- 5.Inventory is a critical concept for SSH management only, but there is still a "localhost" object and "local connections" that are used for local management options. This local management is still used in SSH operations for some internal tasks, like identifying local checksums of files for the copy module. Some familiarity with connections may be useful. When you see references to "remote", even in local context, it refers to the connection object. Local always refers to the machine running 'jetp'.
- 6.The Rust code is almost never allowed to call panic! except in cases of a module being coded incorrectly according to the contract, or code that is essentially impossible to execute without a major coding error in the program. Panic would stop all tasks vs just failing the current thread. Module execution in SSH is distributed among many threads, we return an Err(TaskResponse) instead when we encounter an error situation. This allows us to report the failure and continue on other hosts. Sometimes you will see panic in some places of the code that are impossible to reach conditions that need some code there to satisfy the compiler.
With that out of the way, see the other sections in the docs for details about other aspects of the program. If your question is still unanswered, hop by Discord and we'd be glad to explain and talk about anything.
Editor choice is up to you. Michael uses a completely stock VSCode install as he finds some of the overlays from popular Rust plugins distracting. The "rainbow" colored parens in VSCode can be useful when dealing with some nested quasi-functional-programming expressions.
- 1.Remember that all style and preferences are subjective. That being said, to get contributions accepted you need to turn off auto formatting in your editor and do not run the code through tools like rustfmt. Reformatting an entire file is to be avoided. Generally try to match the style of the rest of the program, which tries to be a bit more concise than rustfmt.
- 2.Make sure all code is free of rust compiler warnings on compilation. Compile by running "make" in the root of the source checkout.
- 3.We generally do not care about warnings from tools like clippy. Fixing some of them may be nice but we disagree with others, so leave these changes up to project leadership and do not include them in pull requests. We prefer explicit return statements.
- 4.Try to make the code as clean, clear, concise, and self-explanatory as possible. Interior comments on difficult to understand code are welcome, especially when the Rust compiler wishes to make things look a little strange.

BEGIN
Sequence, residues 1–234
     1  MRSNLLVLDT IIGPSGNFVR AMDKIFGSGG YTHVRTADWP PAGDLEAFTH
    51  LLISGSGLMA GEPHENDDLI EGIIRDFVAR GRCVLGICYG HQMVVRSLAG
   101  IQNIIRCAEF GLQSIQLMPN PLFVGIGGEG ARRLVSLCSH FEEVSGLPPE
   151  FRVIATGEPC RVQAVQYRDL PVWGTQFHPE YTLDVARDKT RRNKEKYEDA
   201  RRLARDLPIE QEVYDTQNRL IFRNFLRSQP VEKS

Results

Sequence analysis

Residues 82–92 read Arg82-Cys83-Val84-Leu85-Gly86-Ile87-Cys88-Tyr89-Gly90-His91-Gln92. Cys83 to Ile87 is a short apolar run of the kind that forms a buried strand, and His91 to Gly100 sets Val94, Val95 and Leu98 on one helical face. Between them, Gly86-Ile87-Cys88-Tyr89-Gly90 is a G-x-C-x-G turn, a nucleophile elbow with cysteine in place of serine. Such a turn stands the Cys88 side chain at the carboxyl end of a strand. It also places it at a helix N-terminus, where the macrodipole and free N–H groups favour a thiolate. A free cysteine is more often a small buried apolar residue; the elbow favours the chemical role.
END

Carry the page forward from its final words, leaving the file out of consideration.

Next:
- 5.Think about future developers other than yourself and make things easy for them. Choose high quality variable names and function names. Matching Ok(x) is more than fine as is sometimes using "x" on an iterator, but it is especially important to give "let" variables descriptive variable names. There is no need to comment things that would be obvious to those that know rust, or to explain the purposes of function names that are already self explanatory, but a one or two line comment per function never hurts.
- 6.Consider the error paths, return types, and security implications of your code very carefully. This will be a major part of code review. The Rust compiler helps here a lot though!
- 7.Try very hard to avoid introducing new crate dependencies, especially those that are not widely adopted. Introduction of new depedencies is always going to be a needs-chat-discussion point. The good news is, dependencies in module development in particular are seldom useful, as in SSH mode we do not push code or programs out to remote machines. Where we can interface with a stable OS CLI tool, that is always preferred. Since all code in SSH mode runs on the control machine, we cannot use dependencies to effect change directly on remote systems, even though that would technically work well in local configuration modes, it is not allowed to have module features that only work locally.
- 8.See the Contributing notes in full and understand all of the items. Per our Contributing page, we strongly suggest joining Discord chat if you wish to submit a feature or something more than a simple bugfix.
- 9.There are no wrong questions! Ask questions if you want to understand how anything works or get stuck in understanding something! We enjoy conversation and want to hear from you, and also want to make your experience with jet fun and successful.